In addition to the previously announced Peter Kay as Roger DeBris (See News, 13 Nov 2006), The Producers will star Cory English (pictured with Reece Shearsmith in the West End) and John Gordon Sinclair, who have already played the crooked producers Max Bialystock and Leo Bloom in the West End, for its 12-week Manchester season.
The show opens at Manchester’s Palace Theatre on 22 February (previews from 19 February), for a run to 12 May 2007. In Mel Brooks’ irreverent comedy (based on his 1968 Oscar-winning film), washed-up theatre producer Max Bialystock (English) and his timid accountant Leo Bloom (Sinclair) cook up a scheme to make a fortune by presenting a sure-fire flop called "Springtime for Hitler" – directed by the world’s worst director, Roger DeBris.
Since opening in the West End on 9 November 2004, The Producers’ many accolades include Best Musical/New Musical at the Olivier, the Evening Standard, the Whatsonstage.com and the Critics’ Circle Awards. The production recouped its £5,500,000 capitalisation in record-breaking time.
English joins the Manchester run direct from the musical’s London production. In addition to the Mel Brooks musical, his other West End credits include Guys and Dolls and Chicago, while on Broadway he has appeared in Gypsy, Damn Yankees, Hello Dolly! and A Funny Thing Happened on the Way to the Forum. Sinclair, who was Whatsonstage.com-nominated for his London stint in The Producers, is probably best known for his BAFTA-nominated performance in the film Gregory’s Girl. In the West End, he has also appeared in She Loves Me, for which he won an Olivier, Gasping and Sweet Panic.
No further tour dates have yet been confirmed. The Producers has music and lyrics by Brooks, with a book by Brooks and Thomas Meehan. It’s directed and choreographed by Susan Stroman and designed by Robin Wagner. It’s produced by David Ian, Live Nation and Ambassador Theatre Group.
Meanwhile, the third UK tour of Footloose, which opens at Manchester’s Lowry Theatre on 12 February (previews from 9 February) for a run to 17 February 2007 (See News, 30 Nov 2006), has confirmed it will star pop singers Jonny Shentall (of Hear’Say fame) and the New Seekers’ Lyn Paul.
The story of Footloose centres on city boy Ren who moves with his mother to a small town in middle America where rock music and dancing are outlawed for religious reasons. Sparks fly when Ren and the minister's teenaged daughter Ariel rebel. The 1984 film version starred Kevin Bacon and Lori Singer.
Shentall’s previous musical theatre credits include Starlight Express, as well as the West End run of Footloose, in which he played Chuck Cranston, the role he is reprising on tour. On television, he starred in MTV’s Totally Scott-Lee. Paul has followed her pop success with a career on TV and stage including Emmerdale and Blood Brothers. The cast also features Giovanni Spano (Fame) as Willard Hewitt and Miria Parvin (Starlight Express) as Ariel Moore.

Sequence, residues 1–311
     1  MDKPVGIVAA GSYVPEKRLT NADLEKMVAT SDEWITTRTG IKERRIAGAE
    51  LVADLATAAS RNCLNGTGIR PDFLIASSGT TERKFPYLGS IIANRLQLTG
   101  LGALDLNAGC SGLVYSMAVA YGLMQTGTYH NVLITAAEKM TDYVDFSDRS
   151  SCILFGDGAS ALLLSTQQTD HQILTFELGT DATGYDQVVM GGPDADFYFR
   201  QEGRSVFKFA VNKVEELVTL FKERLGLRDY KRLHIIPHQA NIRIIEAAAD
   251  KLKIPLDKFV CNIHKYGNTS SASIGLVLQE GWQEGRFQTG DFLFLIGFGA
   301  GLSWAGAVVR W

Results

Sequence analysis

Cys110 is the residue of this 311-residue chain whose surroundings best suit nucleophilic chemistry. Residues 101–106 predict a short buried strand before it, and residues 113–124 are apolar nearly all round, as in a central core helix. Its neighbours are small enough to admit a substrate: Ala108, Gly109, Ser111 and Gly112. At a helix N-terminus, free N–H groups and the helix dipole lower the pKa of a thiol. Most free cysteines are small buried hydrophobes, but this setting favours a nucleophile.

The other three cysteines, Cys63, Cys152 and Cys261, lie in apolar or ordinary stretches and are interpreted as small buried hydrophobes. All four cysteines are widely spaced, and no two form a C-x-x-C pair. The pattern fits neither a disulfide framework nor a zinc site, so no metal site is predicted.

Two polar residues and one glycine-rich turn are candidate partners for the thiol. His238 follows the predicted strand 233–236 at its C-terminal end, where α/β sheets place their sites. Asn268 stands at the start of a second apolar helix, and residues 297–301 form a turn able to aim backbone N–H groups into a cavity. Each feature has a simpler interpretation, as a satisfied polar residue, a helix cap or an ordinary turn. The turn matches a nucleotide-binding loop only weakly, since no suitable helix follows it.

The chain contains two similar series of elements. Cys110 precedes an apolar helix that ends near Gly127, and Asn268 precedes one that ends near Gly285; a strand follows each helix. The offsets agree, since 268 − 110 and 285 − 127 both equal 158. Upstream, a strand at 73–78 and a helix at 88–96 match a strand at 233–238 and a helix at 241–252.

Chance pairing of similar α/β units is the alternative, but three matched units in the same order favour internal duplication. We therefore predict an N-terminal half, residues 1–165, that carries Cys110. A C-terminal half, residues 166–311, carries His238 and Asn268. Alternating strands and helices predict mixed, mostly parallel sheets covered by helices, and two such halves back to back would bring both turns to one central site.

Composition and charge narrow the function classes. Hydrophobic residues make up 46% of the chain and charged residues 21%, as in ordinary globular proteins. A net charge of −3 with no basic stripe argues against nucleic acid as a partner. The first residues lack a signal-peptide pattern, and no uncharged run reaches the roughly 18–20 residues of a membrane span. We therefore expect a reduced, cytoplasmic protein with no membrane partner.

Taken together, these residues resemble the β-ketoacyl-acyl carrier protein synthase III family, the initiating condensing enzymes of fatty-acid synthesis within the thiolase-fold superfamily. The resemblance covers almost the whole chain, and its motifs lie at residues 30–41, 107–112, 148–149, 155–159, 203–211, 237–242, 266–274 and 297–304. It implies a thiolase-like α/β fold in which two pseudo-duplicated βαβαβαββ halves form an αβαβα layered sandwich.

Footloose has a book by Walter Bobbie and Dean Pitchford, who wrote the original screenplay. The musical is directed and choreographed by Karen Bruce. Following Manchester, it visits Birmingham, Reading, Hull, Ipswich, Leicester, Cardiff, Southend, Edinburgh, Bradford, Hastings, Sunderland, Nottingham, Southampton, Rhyl, Darlington, Wolverhampton, Sheffield, Canterbury, Bromley, Leeds and Cheltenham.
And following on from her stint in the UK tour of Guys and Dolls, Brookside's Claire Sweeney heads back into to the West End’s Piccadilly Theatre from 6 February 2007 to reprise her role as Miss Adelaide, taking over from Samantha Janus opposite Miami Vice’s Don Johnson, who has his press performance this week as Nathan Detroit (See News, 22 Nov 2006).
Johnson and Sweeney will be joined in the West End company by other touring cast members Ben Richards (Grease, Little Shop of Horrors and The Full Monty on stage, Footballers’ Wives on TV) as Sky Masterson and Lisa Stokke as Sarah Brown, who take over from Norman Bowman and Amy Nuttall, respectively.
From 6 February 2007, the rest of the cast of Michael Grandage's multi award-winning production will include Jack Edwards, Jo Servi, Carol Ball, Nick Cavaliere, Kate Alexander, Keisha Atwell, Vanessa Barmby, Chris Bennett, Verity Bentham, Louise Bowden, Matt Cikem, Richard Costello, Simon Coulthard, Tom Dwyer, Catherine Greeney, Taylor James, Louise Madison, Eugene McCoy, Denise Pitter, Andrew Playfoot, Jamie Sampson, Spencer Stafford, Claire Taylor, Alain Terzoli, Dominic Watson, Ed White and Anna Woodside.
Based on Damon Runyon’s short stories about New York gamblers and their girls in the 1940s, Frank Loesser’s 1950 musical was made into a 1953 Hollywood film starring Marlon Brando, Jean Simmons and Frank Sinatra. The current London production is designed by Christopher Oram, with choreography by Rob Ashford.
- by Caroline Ansdell
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